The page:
Need a Little Help From the Experts

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Mr.Mustachio

New member
Aug 19, 2020
12
24
IL
These are also called "lap pipes" (because of how you smoke them). The carvings most frequently feature animals, battles, and pastoral scenes. They're frequently dated... and the dates are always wrong! The meerschaum pipe industry didn't get started until the middle of the 1800s. These pipes came in around the 1890s, and were sold inexpensively as being "antique-style." They were given dye jobs (though high-end meerschaums were, too). Oh, and... they were nearly always pressed ("chip") meerschaum.

If you have access to one of the old Sears catalog reprints from the late 1800s-early 1900s, there's usually one in the pipes section.
Does Sears maintain any online copies of these?
 
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jguss

Preferred Member
Jul 7, 2013
1,148
1,448
Very cool pipe!

Antique meerschaum is a whole different animal from briar. With anything that old I’d look to consult with someone who makes this a specialty. With luck they’ll tell you what it needs and probable cost. Ben Rapaport is a leading expert on antique meerschaums in general (he literally wrote the book) and might be able to point you in the right direction.

As for its age, the math won’t support 1826 as the year of manufacture unless it was already several generations old when your great-grandfather bought it. Always possible. Or it could have been bought by a more remote ancestor than you thought.
 

Mr.Mustachio

New member
Aug 19, 2020
12
24
IL
Very cool pipe!

Antique meerschaum is a whole different animal from briar. With anything that old I’d look to consult with someone who makes this a specialty. With luck they’ll tell you what it needs and probable cost. Ben Rapaport is a leading expert on antique meerschaums in general (he literally wrote the book) and might be able to point you in the right direction.

As for its age, the math won’t support 1826 as the year of manufacture unless it was already several generations old when your great-grandfather bought it. Always possible. Or it could have been bought by a more remote ancestor than you thought.
This is such amazing learning. I had no idea about really any of this, the only reason really that I got it is because I already smoked pipes and people were like, IDK its a pipe, give it to that guy, he likes those.... LOL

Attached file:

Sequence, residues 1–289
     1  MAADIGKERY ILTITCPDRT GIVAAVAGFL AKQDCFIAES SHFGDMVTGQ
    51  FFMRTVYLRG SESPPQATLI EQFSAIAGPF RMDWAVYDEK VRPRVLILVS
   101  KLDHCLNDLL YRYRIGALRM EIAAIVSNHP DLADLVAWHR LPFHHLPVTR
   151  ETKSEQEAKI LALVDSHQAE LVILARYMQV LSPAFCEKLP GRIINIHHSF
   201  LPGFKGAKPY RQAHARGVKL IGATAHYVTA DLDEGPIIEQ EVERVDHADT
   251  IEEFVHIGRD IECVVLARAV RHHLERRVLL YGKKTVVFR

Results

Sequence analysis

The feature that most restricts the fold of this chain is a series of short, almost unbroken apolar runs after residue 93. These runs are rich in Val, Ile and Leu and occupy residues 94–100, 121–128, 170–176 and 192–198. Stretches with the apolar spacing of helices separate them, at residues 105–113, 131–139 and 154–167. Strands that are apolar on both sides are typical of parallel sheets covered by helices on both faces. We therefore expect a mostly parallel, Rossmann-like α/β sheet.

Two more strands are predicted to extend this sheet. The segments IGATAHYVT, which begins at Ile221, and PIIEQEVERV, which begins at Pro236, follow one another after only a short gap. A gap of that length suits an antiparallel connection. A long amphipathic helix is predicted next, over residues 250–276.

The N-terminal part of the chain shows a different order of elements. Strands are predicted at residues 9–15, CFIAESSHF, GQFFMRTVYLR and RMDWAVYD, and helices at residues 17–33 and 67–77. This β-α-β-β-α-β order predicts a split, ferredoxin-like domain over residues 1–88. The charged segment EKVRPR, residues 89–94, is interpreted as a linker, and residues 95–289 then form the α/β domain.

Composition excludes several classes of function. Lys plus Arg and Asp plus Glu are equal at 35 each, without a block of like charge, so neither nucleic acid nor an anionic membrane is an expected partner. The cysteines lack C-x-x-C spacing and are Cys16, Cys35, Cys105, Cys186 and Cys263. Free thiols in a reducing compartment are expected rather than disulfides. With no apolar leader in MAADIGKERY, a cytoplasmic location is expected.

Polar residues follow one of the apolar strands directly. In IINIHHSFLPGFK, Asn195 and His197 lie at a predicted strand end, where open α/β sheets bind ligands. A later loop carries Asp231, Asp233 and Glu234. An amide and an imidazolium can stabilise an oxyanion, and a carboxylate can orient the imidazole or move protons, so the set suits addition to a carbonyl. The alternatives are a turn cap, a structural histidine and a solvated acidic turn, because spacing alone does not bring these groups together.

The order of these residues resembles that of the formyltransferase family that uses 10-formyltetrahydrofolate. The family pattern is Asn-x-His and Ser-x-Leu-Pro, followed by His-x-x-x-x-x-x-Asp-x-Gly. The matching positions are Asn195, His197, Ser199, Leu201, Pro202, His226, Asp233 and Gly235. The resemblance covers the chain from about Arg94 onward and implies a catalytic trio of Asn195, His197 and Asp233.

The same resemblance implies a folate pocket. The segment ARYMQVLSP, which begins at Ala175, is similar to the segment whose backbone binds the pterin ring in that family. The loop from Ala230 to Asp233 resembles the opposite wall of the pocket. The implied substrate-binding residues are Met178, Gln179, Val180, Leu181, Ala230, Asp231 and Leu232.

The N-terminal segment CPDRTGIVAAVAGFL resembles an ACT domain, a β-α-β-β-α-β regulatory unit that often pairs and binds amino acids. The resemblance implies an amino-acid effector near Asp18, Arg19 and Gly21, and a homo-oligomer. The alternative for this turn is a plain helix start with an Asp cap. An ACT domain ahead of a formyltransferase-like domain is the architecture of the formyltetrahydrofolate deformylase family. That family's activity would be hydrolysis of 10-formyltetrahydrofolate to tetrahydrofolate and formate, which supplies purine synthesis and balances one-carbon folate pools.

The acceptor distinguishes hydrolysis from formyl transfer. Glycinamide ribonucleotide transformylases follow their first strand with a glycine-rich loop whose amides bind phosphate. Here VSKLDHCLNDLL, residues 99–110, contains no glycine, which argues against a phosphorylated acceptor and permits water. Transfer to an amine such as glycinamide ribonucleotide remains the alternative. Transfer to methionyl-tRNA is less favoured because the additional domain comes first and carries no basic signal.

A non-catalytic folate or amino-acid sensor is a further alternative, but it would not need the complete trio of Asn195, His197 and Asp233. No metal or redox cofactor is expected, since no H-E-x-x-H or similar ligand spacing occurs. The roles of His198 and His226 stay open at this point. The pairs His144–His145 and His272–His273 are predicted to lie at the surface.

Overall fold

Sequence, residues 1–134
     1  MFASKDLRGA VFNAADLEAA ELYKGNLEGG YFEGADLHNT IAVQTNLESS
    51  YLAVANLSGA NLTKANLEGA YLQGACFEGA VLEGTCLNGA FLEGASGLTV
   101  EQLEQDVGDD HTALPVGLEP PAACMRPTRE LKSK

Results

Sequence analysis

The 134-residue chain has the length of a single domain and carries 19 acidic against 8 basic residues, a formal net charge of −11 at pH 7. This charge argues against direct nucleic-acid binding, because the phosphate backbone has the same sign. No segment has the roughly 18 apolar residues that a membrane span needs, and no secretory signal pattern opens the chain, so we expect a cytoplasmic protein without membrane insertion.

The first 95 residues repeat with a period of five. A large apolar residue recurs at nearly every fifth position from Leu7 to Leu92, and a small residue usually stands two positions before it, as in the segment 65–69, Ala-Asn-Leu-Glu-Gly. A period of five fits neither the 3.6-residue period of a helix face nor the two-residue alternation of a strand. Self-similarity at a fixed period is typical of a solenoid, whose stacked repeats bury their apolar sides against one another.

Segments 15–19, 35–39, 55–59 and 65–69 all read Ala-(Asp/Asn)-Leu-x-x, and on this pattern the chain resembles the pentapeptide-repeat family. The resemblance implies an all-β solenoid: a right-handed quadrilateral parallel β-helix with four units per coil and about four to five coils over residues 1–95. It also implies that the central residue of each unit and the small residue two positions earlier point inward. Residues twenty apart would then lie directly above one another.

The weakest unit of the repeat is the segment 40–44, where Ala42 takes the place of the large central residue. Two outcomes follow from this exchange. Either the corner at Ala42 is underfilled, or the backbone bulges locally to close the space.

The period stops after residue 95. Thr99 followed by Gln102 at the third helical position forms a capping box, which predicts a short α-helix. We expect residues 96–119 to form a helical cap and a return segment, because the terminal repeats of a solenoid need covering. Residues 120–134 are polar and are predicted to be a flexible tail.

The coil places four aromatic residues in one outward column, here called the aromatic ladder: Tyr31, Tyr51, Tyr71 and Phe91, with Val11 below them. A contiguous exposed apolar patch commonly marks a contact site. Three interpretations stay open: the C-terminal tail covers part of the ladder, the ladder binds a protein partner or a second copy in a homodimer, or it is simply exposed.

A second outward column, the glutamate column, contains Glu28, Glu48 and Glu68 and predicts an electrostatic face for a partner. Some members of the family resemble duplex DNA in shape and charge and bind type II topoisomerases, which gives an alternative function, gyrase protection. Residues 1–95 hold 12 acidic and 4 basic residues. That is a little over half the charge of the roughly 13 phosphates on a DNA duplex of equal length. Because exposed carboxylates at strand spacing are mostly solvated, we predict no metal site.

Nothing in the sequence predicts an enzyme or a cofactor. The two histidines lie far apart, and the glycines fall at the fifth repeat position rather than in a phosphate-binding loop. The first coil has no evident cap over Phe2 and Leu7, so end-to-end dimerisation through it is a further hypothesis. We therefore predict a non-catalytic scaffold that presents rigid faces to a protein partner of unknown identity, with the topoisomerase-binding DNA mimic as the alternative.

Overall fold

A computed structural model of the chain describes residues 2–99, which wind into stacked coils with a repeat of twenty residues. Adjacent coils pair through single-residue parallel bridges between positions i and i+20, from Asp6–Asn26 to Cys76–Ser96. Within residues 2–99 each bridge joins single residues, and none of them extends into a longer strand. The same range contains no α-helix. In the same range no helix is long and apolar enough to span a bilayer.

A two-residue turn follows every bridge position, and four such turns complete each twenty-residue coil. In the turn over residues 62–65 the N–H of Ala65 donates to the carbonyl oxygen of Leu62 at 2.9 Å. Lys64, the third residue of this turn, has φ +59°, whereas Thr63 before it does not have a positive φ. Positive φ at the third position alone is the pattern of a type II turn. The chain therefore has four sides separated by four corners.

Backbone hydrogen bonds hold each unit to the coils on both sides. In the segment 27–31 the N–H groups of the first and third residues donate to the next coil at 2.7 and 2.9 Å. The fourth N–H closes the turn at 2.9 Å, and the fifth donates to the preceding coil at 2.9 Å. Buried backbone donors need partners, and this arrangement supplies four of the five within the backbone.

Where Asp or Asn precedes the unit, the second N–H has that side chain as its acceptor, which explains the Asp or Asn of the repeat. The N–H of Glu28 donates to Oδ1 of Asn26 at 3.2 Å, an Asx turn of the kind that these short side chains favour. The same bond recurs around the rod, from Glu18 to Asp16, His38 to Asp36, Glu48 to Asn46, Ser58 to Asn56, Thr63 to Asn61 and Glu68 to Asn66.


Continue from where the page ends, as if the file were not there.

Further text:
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lawdawg

Preferred Member
Aug 25, 2016
1,419
2,432
These are also called "lap pipes" (because of how you smoke them). The carvings most frequently feature animals, battles, and pastoral scenes. They're frequently dated... and the dates are always wrong! The meerschaum pipe industry didn't get started until the middle of the 1800s. These pipes came in around the 1890s, and were sold inexpensively as being "antique-style." They were given dye jobs (though high-end meerschaums were, too). Oh, and... they were nearly always pressed ("chip") meerschaum.

If you have access to one of the old Sears catalog reprints from the late 1800s-early 1900s, there's usually one in the pipes section.

That's one thing I really love about this forum... always learning something new about pipes and baccy. For those of us who are curious about such things, this forum can condense a vast amount of information in one spot. Thanks for the short lesson on these old meers.
 

jonasclark

Preferred Member
Aug 4, 2013
566
154
Seattle
Sears is pretty much out-of-business, unfortunately. But only a few years ago, believe it or not, their website listed some Turkish meerschaum pipes! Your local library may have these reprints; I have a 1904 one, and somewhere another from just pre-1900. Ben Rapaport's book "Collecting Antique Meerschaum Pipes" discusses these in detail.
 

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